The sound of waves and a cool breeze—that’s how I like to ride out the last days of summer. Immersed in the great outdoors that will soon be taking its warm embrace south as cold from the North ushers in the Fall.
One of the best places to enjoy the “dog days of summer” is Trego County’s own Cedar Bluff State Park, where the Smoky Hill River fills up the reservoir and the north and south shores offer boating, camping, trails, and watersports for all your outdoor enthusiasts.
Bluffton Area – The North Shore Park
Explore Cedar Bluff’s north shore that borders Bluffton Area park, a 350 acre camper’s delight. Areas are set up for group and solo campers, with bathroom facilities nearby.
Campsites set up for RV camping and cabins are available to rent, or go “old-school” and pitch a tent under the famous Kansas night sky. Shower facilities are on-site so you can choose your style of “roughin’ it” and there are boat ramps, so bring your jet skis, boats and fishing gear. Sandy beaches, basketball courts and trails for biking and hiking are nearby if you want to enjoy some time on solid land, too.
History buffs will want to visit Threshing Machine Canyon found on the north shore. Originally known as Bluffton Station on the Butterfield Overland Despatch, the station was the site of a Native American attack in 1867 that ended in the deaths of all the men and a fire that destroyed a threshing machine they were delivering to Brigham Young in Salt Lake City. Look for names of other pioneers carved into the canyon’s limestone bluffs dating all the way back to the mid-1800s.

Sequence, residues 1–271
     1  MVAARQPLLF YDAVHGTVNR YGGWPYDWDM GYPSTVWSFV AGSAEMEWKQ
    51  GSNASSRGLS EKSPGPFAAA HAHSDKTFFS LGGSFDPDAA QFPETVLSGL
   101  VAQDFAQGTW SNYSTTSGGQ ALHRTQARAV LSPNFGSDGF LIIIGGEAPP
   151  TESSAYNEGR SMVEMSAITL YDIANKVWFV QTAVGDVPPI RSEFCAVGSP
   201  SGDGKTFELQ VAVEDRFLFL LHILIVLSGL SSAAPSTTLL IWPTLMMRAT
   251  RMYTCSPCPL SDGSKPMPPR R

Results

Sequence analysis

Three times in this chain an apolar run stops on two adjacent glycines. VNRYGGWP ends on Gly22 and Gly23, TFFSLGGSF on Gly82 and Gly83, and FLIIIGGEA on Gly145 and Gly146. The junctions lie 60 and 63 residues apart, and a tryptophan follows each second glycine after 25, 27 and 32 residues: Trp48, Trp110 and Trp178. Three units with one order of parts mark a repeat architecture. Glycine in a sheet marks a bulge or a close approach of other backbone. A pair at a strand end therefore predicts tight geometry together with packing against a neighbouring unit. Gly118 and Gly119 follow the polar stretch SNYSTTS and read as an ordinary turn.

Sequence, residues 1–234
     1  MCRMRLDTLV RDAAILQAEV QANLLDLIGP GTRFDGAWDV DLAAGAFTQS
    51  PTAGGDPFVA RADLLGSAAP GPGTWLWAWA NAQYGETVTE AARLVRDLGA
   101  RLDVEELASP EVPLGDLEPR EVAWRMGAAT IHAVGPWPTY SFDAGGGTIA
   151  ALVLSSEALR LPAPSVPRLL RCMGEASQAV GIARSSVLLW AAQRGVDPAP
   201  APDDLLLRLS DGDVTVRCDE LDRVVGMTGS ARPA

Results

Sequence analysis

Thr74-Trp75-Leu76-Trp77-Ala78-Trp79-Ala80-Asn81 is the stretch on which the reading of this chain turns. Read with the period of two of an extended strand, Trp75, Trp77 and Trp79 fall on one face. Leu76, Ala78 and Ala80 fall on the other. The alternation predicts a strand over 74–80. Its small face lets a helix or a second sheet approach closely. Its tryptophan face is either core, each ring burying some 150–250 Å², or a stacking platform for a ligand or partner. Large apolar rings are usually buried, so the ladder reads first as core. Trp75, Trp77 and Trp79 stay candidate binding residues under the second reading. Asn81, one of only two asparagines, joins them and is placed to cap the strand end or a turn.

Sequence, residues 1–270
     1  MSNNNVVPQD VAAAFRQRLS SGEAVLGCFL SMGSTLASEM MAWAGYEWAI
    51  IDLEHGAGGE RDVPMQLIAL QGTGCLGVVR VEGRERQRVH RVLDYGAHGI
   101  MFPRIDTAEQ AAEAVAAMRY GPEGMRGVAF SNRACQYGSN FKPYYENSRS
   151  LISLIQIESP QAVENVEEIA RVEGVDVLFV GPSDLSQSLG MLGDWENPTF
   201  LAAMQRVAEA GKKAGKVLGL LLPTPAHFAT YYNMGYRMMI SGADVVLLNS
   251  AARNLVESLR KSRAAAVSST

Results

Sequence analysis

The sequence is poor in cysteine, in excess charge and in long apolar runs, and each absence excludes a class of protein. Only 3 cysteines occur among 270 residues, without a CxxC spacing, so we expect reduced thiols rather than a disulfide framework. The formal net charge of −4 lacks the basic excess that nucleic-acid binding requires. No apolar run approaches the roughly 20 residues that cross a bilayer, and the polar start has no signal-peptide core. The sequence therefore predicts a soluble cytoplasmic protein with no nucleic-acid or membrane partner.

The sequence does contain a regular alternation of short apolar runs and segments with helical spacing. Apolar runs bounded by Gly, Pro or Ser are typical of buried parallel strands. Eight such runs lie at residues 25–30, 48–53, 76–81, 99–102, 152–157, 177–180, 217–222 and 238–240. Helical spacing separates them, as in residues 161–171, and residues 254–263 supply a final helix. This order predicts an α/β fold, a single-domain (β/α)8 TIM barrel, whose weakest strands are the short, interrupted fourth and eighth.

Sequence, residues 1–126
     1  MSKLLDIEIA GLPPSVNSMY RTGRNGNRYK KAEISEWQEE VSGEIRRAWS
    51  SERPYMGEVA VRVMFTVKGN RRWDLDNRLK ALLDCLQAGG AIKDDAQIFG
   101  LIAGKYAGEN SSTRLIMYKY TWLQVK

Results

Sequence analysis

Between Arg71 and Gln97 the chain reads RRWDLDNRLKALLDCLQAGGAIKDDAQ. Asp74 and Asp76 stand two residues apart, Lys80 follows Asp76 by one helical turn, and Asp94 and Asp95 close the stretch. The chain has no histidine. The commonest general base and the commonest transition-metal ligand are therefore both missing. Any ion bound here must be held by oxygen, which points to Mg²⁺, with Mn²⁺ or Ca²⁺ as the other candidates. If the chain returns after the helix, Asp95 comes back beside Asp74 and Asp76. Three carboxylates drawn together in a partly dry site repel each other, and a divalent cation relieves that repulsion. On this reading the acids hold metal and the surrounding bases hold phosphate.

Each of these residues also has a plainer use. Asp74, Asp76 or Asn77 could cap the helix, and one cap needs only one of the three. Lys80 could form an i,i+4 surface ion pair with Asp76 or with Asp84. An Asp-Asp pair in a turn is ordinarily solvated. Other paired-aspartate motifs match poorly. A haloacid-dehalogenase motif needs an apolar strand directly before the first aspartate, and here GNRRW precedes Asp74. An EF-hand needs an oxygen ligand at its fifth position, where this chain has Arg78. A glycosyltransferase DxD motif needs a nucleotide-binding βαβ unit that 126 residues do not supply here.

Page Creek Area – The South Shore Park
The Page Creek Area found on the south shore is a favorite among outdoor enthusiasts, offering more primitive campsites and excellent opportunities for hooking “the one” you’ll be bragging about later. Located near Cedar Bluff’s gorgeous limestone cliffs, Page Creek Area has beautiful views and a quieter camping existence. Wildlife abounds and shade trees offer peaceful places to relax and enjoy the last warm weeks of the year.
Don’t forget to check out Agave Trail on the south side of the park for a hike out to the bluffs. The five-mile trail (one mile paved) is an excellent chance for spectacular wildlife sightings and dusk is a great time to watch the sun cast a rainbow of colors upon the white limestone bluffs.
Don’t let your summer weekends slip away without a trip to Cedar Bluff State Park, Trego County’s natural playground!